The Hidden Meaning Of The Cranberries' Zombie

Written during the peak of the grunge movement in the mid 1990s, Irish rock band The Cranberries' 1994 hit "Zombie" bombarded airwaves and marked a new era of success for the group. With lyrics such as "They're still fighting/With their tanks, and their bombs/And their bombs, and their guns/In your head, in your head, they are dying" and heavy electric guitar instrumentation, it's easy to pass the song off as a reference to an action-packed walking dead flick. However, when frontwoman Dolores O'Riordan penned the tune originally, she had a very different meaning in mind.

In fact, the international chart-topping tune was written in response to the deaths of two children, Jonathan Ball, 3, and Tim Parry, 12, as a result of a London bombing during the Northern Ireland conflict, a 30-year period of violence and strife. The actions of the IRA, which attempted to remove British forces from Northern Ireland and to unify the Irish people, killed an estimated 1,800 people, including 600 civilians, per History.

O'Riordan was touring in London when news of an attack in northwestern England reached the city.

Their record label urged them not to release the single

"There were a lot of bombs going off in London and I remember this one time a child was killed when a bomb was put in a rubbish bin -– that's why there's that line in the song, 'A child is slowly taken,'" O'Riordan told Songwriting Magazine. "We were on a tour bus and I was near the location where it happened, so it really struck me hard – I was quite young, but I remember being devastated about the innocent children being pulled into that kind of thing. So I suppose that's why I was saying, 'It's not me' – that even though I'm Irish it wasn't me, I didn't do it. Because being Irish, it was quite hard, especially in the UK when there was so much tension."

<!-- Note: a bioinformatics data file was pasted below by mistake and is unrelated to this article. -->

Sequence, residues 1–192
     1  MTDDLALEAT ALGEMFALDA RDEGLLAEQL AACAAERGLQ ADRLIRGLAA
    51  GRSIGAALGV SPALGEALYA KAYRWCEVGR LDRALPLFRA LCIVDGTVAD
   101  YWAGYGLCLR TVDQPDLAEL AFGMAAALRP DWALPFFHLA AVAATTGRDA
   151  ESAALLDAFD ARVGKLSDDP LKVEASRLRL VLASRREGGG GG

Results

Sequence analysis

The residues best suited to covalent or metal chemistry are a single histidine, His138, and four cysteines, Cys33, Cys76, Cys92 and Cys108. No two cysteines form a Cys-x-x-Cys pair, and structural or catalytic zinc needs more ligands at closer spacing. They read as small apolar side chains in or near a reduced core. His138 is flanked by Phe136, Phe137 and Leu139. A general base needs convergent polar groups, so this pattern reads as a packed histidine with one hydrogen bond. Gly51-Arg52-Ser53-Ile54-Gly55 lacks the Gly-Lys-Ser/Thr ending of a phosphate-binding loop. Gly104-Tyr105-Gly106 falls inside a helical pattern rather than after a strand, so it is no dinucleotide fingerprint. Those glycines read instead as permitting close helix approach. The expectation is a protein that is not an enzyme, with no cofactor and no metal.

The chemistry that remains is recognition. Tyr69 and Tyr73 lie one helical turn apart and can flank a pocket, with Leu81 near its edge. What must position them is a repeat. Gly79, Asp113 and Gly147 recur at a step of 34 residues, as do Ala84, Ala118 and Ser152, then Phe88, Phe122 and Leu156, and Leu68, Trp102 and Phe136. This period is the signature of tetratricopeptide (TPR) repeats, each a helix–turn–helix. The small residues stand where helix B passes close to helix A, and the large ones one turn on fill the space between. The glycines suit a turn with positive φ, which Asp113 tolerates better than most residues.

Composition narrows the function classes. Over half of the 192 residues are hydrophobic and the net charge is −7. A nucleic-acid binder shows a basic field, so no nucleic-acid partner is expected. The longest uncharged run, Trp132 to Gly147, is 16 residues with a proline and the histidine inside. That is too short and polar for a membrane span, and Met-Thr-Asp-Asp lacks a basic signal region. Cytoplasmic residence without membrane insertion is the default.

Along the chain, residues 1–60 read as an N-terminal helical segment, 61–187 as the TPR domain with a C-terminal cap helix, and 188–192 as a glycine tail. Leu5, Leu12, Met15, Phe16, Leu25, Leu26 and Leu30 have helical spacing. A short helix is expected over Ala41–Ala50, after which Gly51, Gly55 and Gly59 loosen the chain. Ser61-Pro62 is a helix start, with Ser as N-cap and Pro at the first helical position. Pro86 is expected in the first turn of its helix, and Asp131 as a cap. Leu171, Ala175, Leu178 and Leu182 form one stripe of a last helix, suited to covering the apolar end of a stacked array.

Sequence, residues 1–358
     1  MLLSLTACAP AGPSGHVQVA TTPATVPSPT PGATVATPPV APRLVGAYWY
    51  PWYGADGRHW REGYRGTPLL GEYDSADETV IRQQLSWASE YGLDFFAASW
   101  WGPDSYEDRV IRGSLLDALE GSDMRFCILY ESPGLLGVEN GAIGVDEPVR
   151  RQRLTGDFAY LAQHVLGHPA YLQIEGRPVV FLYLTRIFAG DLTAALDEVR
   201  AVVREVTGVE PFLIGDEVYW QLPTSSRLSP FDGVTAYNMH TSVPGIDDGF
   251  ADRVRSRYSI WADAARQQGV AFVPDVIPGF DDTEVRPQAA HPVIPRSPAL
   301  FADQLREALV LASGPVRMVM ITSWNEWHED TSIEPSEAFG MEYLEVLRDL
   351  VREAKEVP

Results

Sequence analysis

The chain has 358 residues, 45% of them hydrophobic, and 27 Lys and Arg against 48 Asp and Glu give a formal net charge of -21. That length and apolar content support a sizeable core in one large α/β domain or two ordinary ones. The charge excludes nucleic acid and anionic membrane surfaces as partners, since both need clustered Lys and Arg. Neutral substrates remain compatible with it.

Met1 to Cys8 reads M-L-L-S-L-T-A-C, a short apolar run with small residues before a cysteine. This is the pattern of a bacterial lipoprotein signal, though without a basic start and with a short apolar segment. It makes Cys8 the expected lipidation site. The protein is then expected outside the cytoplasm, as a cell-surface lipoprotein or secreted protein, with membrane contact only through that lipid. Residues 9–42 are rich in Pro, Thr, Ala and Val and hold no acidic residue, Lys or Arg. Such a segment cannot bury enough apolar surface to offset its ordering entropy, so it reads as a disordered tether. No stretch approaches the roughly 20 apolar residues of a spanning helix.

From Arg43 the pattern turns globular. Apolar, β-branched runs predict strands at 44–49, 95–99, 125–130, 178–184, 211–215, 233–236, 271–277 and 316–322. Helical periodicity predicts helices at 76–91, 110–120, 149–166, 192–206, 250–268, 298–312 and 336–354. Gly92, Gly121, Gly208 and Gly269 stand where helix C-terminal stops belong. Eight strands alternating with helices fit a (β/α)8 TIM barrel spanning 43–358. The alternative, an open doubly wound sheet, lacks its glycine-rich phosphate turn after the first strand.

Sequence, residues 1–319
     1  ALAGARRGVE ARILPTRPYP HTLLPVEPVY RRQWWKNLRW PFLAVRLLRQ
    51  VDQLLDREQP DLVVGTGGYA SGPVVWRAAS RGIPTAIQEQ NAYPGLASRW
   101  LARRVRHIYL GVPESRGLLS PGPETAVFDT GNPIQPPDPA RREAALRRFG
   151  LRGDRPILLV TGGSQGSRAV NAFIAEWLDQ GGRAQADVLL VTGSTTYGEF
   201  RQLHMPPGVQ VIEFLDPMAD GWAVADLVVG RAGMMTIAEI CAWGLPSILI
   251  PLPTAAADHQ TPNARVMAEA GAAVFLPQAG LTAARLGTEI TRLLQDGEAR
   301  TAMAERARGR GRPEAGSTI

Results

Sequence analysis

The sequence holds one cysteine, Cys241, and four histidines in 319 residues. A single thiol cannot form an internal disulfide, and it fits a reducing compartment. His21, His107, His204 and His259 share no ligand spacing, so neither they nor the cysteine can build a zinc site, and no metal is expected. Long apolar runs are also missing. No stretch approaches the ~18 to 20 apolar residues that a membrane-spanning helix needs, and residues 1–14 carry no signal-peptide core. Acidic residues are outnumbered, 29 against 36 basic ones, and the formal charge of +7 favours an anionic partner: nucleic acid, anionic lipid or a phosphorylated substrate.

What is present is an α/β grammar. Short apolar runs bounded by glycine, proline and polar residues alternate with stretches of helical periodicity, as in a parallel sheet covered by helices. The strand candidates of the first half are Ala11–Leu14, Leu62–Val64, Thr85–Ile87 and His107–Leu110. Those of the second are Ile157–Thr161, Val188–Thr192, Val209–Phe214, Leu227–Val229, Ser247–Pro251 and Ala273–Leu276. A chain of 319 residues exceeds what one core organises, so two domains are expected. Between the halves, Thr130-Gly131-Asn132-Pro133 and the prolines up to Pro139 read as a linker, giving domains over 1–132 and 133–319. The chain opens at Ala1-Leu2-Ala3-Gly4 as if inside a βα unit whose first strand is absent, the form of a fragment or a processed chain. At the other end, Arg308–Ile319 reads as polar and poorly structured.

Before her death in 2018, O'Riordan stated that the song came to her "subconsciously", drafting the lyrics and instrumentals on her tour bus in England in 1993 before returning to her apartment in Limerick to finish the song. She told Vox magazine in 1994 that the song was written in part as a mechanism to grapple with her identity as an Irish citizen that did not support the actions of the IRA.

"The IRA are not me. I'm not the IRA. The Cranberries are not the IRA. My family are not. ... When it says in the song, 'It's not me, it's not my family,' that's what I'm saying. It's not Ireland".

A bittersweet success for the Cranberries

Per Rolling Stone, it was The Cranberries' label, Island Records, that urged the group not to release the "politically urgent" song as a single. Legend has it that O'Riordan ripped up a $1 million check the label offered her to prepare a different song.

In 2018, one of the victims' fathers, Colin Parry, thanked the band for its "both majestic and also very real' words", per Metro UK. "I was completely unaware what [the song] was about. My wife came home from the police centre where she worked ... I got the song up on my laptop, watched the band singing, saw Dolores and listened to the words," Parry told Good Morning Ulster.

The band has stood by their tune throughout the years, going on to perform it at nearly every concert since its release. According to guitarist Noel Hogan, the heavy rock sound was fitting for the protest song.

"If it was soft, it wouldn't have that impact," Hogan told Holland's FaceCulture in 2012. "This was a new direction for us. And it would stand out in the set because of that."